Through Hell and Badwater
ADDITIONAL CONTRIBUTORS Tanya Silverman

By Tanya Silverman

Photo courtesy of Wikimedia Commons.

“Badwater is a funny event because, of course, it’s absurd,” remarks ultramarathon runner, Charlie Engle, on the two-day, 135-mile race he just completed. “It’s held in the second week of July, which is traditionally the hottest week of the year, in the hottest place on earth. This year in particular, while we were there, Death Valley actually had a heat wave.”

Though he’s completed in this same competition several other years, not to mention various longer races anywhere from Africa to Asia to the Americas, Badwater 2013 was especially meaningful to Engle.

“It is the culmination of these last few years of my bizarre life,” he says. “This is a book-end, if you will, on my ‘federal holiday,’ on all of the things that have happened to me.”

Charlie Engle running a 1/4 mile dirt path at Beckley Federal Prison. Photo courtesy of Charlie Engle.

The ‘federal holiday’ is a reference to the year and a half that Charlie Engle served at Beckley Federal Prison in West Virginia, following his conviction of mortgage fraud. While confined, Badwater was constantly on his mind: he was determined to run it again after he was released. Even though he had to sit a year out, Engle actually made the effort to go about a parallel race as the event was happening out west, running the same distance of “135 miles in prison in two days.”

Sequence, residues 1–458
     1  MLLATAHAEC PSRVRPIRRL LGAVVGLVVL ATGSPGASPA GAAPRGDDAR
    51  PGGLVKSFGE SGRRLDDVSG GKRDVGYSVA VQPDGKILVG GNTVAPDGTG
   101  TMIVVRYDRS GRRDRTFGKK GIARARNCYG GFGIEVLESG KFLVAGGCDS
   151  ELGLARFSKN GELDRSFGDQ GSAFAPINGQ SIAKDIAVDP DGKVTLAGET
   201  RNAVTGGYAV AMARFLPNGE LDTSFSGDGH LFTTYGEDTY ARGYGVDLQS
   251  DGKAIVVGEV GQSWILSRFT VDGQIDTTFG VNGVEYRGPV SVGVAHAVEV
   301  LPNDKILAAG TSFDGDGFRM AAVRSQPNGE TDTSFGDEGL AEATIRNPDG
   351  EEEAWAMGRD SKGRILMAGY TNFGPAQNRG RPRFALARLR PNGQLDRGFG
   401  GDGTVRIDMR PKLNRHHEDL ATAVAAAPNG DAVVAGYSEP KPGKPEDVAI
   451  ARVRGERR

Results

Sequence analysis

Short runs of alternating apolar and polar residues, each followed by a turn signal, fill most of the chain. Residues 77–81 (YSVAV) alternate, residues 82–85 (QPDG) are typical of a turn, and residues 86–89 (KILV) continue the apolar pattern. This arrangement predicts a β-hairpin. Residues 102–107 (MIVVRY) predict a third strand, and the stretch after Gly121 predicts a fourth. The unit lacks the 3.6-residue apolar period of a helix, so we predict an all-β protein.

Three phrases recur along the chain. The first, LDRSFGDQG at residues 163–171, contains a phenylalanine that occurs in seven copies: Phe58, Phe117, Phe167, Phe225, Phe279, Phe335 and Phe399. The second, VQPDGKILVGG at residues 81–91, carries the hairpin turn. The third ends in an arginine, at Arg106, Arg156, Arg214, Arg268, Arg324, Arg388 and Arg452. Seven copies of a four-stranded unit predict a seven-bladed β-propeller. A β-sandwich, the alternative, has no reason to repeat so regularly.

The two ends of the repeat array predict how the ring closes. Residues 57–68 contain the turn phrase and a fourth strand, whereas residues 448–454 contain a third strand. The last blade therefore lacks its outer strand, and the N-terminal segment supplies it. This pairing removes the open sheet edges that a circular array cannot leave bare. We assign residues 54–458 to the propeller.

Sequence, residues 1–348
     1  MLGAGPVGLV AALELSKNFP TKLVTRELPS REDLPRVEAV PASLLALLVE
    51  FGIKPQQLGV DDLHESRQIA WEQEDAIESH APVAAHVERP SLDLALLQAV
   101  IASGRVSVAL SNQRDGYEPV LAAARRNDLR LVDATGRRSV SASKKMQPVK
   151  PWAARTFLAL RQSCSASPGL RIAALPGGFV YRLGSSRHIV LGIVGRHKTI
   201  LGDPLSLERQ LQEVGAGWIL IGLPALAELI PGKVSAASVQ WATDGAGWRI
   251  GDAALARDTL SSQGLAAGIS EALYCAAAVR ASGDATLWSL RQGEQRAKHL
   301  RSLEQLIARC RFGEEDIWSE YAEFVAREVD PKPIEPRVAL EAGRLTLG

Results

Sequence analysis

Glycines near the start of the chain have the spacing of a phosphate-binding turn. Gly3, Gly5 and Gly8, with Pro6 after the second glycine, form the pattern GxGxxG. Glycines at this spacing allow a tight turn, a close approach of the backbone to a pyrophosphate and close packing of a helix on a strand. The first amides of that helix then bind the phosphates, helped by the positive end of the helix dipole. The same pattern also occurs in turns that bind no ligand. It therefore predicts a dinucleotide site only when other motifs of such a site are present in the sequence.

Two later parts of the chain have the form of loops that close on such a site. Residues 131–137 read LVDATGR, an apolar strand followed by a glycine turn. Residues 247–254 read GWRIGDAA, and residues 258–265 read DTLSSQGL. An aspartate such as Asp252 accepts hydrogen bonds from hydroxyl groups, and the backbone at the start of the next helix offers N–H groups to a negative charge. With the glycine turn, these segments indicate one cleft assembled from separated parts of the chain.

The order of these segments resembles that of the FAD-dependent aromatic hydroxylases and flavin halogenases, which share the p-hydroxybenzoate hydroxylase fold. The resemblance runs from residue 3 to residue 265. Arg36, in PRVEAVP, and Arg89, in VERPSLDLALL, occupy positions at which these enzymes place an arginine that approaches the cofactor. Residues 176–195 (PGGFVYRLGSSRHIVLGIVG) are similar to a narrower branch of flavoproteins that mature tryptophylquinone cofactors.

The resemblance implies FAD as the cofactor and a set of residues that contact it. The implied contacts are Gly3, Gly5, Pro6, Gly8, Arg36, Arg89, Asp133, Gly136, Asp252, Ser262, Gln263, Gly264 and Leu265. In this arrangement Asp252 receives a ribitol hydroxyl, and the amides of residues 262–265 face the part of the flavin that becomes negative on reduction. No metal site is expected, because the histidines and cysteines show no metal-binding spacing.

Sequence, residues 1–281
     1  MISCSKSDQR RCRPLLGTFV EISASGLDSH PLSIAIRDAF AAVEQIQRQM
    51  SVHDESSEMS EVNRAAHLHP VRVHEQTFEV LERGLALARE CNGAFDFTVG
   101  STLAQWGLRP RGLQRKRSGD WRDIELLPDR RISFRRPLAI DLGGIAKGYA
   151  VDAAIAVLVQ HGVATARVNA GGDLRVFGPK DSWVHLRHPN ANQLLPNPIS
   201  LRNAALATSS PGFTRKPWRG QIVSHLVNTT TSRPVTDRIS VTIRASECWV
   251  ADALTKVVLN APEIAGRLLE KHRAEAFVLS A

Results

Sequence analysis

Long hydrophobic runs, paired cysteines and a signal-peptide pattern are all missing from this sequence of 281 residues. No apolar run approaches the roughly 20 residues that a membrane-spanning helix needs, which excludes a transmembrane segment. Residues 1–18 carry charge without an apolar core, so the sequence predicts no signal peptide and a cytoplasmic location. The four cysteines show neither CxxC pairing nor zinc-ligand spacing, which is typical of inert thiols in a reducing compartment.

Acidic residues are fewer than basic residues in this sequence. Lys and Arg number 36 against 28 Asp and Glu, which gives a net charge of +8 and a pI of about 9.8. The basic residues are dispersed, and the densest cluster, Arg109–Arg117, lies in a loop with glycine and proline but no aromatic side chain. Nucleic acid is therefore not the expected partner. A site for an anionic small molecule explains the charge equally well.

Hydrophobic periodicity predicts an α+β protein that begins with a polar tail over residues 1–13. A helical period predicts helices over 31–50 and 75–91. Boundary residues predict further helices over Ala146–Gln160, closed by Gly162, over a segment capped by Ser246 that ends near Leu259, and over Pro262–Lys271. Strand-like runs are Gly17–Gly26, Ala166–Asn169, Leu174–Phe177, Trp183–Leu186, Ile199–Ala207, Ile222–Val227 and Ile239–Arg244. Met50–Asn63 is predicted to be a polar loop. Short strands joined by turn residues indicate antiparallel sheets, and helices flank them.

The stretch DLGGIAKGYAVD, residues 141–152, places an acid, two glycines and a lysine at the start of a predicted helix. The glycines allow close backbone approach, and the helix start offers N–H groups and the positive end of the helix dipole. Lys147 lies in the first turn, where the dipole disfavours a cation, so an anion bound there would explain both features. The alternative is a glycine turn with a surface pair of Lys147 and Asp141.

So, he was released; he ran the race, and, ironically, from the way he described Badwater 2013 after he returned to his home in North Carolina, it is hard to believe that anyone would look forward to such a debilitating experience.

The heat was so extreme this time around that more runners dropped out than any year prior. The geological challenges of the race were also intense, beginning at an extreme depression and ending at considerable heights.

“You spend the first 42 miles at Badwater going from 282 feet below sea level, up to sea level,” Engle says of the slow, gradual rise in elevation.

That may sound like an impressive accomplishment, but it’s only the beginning.

“From that point, the racers climb 5,000 feet over the next 18 miles, and this is non-stop,” says Engle.

During this segment of the race, Engle and the other runners were met with gusting, scorching winds.

“This wind is charged with hot energy, and it’s blowing in runners’ faces, so they don’t sweat because, literally, it’s drying off your body before it can even hit the surface,” he says. “It was the most dehydrating section of Badwater.”

That part of the ultramarathon “destroyed many runners,” but Engle continued the dry and difficult trek.

“You finally reach Lone Pine, this little town, at 122 miles into the race,” he says. “Then there’s this sense of relief and dread in equal parts as you make a left-hand turn to climb thirteen miles up Mt. Whitney, to finish this race, which goes up to over 8,000 feet.”

Lone Pine, Ca. Photo courtesy of Wikimedia Commons.